Which is just as well, because my next visit was to Benzaiten, patron goddess of artists, writers, dancers, and musicians, which kind of makes me her target audience.  This was another long line, through which I occupied myself wondering about Suiten-Gu.  It was a beautiful shrine, but it looked fairly new and was on a kind of pedestal building.  Eventually I was pushed to the front and got to ring the bell and ask for support in my artistic pursuits.
Basically catty-corner from Suiten-Gu was Matsushima Jinja, abode of Daikokuten.  There was a little line for this little shrine, so it didn't take long before I was throwing in a coin to ask for wisdom in using my wealth, since he specifically watches over prosperity.  While I was waiting, I had the chance to ponder the fact that I hadn't done ablutions at any of the shrines.  This may be a mark against me (probably not as big a mark as the fact that I was unprepared and only had 1 yen coins in my wallet, when any Noragami fan can tell you 5 yen is the traditional offering...) but it.  Was.  Chilly.  Not American Midwest WTF-who-says-climate-change-is-an-urban-myth?-cold, but cold enough to be getting the fuck on with, and I had no desire to run fresh spring water over my hands, under the circumstances.

In fact, the idea left me so chilled that I decided to warm up by stopping for lunch at Coco Curry.  If you are thinking I also chose Ningyocho's Shichifukujin Meguri because I knew the closest branch of my favorite Japanese restaurant chain, well, you're not wrong.  But one thing I've taken with me from Mongolia is the belief that New Years' is not time to start a diet - if you want to be prosperous and happy all year long, don't start by counting calories.  There's always next week for that.

After my first taste of curry for 2018, I walked a couple of blocks to get to Bishamonten's place, Suehiro Jinja.  No matter how many times I see the traditional version of the God of fortune in wars and battles, with his fierce eyebrows and goatee, Bisha will always be a smokin' hot blonde badass femme fatale to me, and so it seemed apropos to me that the war I'd ask for her help with would be my battle of the bulge.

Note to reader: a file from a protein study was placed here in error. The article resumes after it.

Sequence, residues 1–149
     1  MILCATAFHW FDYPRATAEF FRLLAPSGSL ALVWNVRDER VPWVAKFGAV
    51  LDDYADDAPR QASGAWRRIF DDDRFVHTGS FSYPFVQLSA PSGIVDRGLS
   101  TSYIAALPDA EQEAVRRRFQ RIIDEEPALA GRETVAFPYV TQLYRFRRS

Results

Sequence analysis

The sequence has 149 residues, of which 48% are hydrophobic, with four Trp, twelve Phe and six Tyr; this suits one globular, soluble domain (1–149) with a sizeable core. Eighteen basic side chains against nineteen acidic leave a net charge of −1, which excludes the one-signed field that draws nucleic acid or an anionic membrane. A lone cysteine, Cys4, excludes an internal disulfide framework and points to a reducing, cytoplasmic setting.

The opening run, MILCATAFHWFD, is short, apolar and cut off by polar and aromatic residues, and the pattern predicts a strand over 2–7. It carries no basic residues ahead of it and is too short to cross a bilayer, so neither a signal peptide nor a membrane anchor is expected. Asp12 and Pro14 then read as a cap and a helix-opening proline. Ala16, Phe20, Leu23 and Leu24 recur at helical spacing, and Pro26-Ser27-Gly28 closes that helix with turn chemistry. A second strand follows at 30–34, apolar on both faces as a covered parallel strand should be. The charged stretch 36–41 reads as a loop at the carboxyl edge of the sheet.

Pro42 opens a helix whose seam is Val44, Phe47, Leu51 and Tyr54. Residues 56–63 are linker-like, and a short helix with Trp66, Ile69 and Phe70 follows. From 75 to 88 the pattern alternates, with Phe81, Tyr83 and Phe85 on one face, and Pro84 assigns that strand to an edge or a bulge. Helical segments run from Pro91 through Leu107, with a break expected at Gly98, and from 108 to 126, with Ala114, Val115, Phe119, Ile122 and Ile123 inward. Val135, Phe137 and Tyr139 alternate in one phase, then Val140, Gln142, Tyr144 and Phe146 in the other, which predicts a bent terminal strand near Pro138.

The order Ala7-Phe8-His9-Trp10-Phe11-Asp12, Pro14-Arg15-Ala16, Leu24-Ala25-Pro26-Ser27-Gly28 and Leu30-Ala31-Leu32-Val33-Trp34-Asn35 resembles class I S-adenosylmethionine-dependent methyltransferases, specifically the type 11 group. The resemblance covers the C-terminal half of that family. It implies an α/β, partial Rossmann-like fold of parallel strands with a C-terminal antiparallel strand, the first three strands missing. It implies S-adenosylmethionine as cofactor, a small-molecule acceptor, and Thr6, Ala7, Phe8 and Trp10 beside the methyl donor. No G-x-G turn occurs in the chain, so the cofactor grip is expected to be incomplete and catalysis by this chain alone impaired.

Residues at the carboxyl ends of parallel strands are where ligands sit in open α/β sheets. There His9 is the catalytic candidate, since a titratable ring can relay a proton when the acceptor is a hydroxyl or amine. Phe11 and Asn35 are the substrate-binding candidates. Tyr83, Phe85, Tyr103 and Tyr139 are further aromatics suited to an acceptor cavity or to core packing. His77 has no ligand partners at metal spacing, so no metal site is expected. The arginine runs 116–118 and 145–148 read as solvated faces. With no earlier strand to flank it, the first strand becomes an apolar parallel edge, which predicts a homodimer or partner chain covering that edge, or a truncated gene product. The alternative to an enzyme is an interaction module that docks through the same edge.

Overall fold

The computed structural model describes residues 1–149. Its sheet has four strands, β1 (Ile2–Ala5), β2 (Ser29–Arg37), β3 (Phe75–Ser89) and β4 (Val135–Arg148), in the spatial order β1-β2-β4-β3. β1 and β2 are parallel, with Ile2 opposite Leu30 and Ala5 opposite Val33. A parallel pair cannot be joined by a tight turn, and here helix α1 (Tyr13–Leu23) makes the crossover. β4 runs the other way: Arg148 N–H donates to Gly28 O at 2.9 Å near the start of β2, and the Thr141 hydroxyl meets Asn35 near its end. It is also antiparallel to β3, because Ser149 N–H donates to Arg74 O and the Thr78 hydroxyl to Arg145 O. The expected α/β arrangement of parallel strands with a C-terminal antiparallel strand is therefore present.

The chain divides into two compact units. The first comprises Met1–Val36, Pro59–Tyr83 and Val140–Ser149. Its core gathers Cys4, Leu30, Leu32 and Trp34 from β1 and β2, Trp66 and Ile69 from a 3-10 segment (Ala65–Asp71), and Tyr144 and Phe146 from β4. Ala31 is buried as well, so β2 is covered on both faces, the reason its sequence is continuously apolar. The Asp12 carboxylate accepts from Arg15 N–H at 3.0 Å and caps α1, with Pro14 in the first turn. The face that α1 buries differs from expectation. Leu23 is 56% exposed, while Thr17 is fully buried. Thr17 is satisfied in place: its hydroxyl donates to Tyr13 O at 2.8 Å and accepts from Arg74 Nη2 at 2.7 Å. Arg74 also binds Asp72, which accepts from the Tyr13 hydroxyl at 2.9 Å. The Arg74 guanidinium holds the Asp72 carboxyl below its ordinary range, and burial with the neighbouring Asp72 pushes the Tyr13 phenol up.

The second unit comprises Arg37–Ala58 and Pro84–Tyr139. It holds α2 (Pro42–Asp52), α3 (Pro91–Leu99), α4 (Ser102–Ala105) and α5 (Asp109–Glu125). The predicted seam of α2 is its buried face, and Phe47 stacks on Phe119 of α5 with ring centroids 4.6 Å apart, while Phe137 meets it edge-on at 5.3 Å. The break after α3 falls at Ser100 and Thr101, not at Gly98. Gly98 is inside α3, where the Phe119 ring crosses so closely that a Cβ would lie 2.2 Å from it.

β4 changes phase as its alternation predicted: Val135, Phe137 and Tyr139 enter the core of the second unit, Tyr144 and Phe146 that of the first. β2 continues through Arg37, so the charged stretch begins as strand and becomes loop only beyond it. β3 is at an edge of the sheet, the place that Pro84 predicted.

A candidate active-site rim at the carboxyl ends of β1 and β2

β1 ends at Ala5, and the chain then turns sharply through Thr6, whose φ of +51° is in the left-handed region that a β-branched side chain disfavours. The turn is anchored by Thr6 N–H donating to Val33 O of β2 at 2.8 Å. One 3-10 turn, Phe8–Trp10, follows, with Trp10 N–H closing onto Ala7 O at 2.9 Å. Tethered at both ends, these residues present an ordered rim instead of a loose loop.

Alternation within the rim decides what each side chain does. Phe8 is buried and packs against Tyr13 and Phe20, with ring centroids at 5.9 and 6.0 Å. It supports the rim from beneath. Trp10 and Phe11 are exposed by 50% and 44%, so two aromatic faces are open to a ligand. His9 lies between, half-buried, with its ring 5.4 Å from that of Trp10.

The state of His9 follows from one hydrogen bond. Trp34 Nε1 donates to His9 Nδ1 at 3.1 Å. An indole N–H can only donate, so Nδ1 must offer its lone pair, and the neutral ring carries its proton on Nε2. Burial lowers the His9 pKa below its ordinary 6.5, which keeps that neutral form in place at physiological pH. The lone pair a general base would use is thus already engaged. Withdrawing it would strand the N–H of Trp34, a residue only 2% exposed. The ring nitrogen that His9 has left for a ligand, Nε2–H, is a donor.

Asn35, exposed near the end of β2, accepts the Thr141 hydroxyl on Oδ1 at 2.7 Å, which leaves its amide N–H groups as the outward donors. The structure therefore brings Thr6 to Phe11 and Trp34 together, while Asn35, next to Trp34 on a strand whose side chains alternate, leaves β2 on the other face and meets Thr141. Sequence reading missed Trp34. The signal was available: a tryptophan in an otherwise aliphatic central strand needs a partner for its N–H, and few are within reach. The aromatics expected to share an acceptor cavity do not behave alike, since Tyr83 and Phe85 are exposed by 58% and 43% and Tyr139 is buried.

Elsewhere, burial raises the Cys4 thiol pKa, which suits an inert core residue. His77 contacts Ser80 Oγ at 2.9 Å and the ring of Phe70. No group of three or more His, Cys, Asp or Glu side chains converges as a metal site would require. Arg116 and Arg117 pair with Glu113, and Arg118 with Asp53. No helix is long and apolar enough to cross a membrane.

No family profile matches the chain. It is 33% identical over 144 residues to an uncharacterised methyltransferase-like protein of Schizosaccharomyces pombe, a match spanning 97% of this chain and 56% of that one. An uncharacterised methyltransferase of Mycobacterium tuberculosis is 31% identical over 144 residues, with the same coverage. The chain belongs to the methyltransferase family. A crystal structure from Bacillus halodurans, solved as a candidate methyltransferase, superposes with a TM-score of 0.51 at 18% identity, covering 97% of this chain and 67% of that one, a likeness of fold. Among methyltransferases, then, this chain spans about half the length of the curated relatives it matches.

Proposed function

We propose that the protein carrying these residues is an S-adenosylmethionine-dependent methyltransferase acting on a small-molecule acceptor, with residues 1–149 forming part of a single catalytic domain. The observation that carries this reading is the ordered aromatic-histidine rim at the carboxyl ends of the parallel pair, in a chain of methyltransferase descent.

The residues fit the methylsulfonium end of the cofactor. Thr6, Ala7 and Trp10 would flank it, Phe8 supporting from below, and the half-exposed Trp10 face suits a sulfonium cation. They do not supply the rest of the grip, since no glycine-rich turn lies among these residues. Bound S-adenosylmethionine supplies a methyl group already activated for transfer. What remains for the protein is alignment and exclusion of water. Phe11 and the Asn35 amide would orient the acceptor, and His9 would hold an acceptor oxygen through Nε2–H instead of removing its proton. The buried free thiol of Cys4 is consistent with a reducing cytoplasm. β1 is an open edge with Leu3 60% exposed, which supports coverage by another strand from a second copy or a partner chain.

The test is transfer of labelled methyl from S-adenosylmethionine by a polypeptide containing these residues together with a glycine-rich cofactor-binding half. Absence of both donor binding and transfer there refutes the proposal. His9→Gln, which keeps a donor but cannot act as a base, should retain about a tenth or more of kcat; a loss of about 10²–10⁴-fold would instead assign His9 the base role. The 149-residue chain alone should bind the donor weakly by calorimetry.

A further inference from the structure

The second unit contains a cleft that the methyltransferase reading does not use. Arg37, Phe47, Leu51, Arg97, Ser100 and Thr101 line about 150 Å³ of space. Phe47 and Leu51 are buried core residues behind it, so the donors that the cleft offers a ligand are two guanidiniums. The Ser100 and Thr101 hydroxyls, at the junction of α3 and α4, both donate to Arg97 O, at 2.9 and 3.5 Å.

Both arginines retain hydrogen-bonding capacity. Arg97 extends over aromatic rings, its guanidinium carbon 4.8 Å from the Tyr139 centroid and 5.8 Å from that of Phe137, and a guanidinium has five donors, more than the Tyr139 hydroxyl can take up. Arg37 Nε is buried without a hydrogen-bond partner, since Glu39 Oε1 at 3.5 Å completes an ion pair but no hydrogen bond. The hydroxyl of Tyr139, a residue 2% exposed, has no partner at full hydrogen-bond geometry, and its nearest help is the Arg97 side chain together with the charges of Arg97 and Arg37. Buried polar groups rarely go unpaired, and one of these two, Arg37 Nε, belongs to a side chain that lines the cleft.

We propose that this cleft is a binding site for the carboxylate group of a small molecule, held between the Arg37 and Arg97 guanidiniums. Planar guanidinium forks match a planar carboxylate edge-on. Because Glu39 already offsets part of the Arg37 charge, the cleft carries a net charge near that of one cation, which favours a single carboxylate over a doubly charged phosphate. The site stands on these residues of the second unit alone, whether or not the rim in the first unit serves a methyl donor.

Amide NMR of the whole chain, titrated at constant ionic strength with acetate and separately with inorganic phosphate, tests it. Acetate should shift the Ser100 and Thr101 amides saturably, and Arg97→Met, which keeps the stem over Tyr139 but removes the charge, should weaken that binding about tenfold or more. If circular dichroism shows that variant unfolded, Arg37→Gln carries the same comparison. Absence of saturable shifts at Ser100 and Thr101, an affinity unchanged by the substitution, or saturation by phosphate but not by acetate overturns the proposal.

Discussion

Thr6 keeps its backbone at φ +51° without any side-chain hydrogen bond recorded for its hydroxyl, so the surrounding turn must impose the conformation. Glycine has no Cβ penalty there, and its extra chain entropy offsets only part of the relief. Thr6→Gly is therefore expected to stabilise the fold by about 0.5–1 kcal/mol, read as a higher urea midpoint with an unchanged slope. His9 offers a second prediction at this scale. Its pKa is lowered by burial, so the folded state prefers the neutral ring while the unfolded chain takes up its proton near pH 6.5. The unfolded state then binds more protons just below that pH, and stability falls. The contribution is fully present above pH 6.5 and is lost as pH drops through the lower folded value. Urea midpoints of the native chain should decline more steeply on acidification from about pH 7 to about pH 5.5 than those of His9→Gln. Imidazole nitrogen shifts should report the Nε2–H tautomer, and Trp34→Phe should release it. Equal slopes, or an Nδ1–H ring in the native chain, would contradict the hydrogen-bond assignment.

As I stood in line to make my request (photo bombing the girls taking selfies in front of me, which got a huge laugh out of one of them when she looked at the pictures) I realized there was a tengu manning the stamp table.  As I watched, he put on a hooded mask with a lion's face and proceeded to dance for us.  Even with the cold, standing there listening to the music as he did his lucky lion dance while petitioners shook the bells and clapped at the shrine made me want to stay in Japan forever.  Maybe that should have been one of my wishes.
Instead, when I arrived at Kasama Inari Jinja I asked Jurojin for good health, particularly when it comes to my feet.  He is also a God of longevity, but without good health long life would actually be a curse, so I figured it works. 
Finally I came to Ebisu, the only purely Japanese Fukujin and god of wealth in business.  As mentioned before, one of my contingency plans involves selling my plushies, so I thought if there was anyone to petition for help in that (besides my Dark Lord and Master) it would be Ebisu.  When I got to Sugimori Jinja I was surprised to see it was white - I don't think I've ever seen a white shrine, so that was kind of cool.  There was actually another shrine on the circuit, a second Ebisu shrine a few blocks away, but I was out of coins and ready to be out of the cold again, so I decided not to show least not to Ebisu.  Since Benzaiten is the patron of artists, I figured it just made sense to drop 10 yen at her shrine.

Although I loved spending time at these little shrines, I confess I was tempted to complete a different meguri, one that had bells to collect along with stamps...but I figure there's always next year for that, and maybe then I will make my wishes on behalf of others.  Since then 2018 has been relatively quiet.  I've spent a lot of time trying to stay warm in my apartment while watching Gintama, and a little sitting in restaurants drinking free refills and letting them keep me warm (in fact, my game plan for today involves breakfast at Denny's as soon as I finish this post).  Although normally I shun the idea of resolutions, I do want to be healthier, and I have to make better use of my money than I did the last few months...but there's always next week.  Apparently the Japanese believe in shunning housework and cooking for the first few days of the new year, and hell, when in Rome...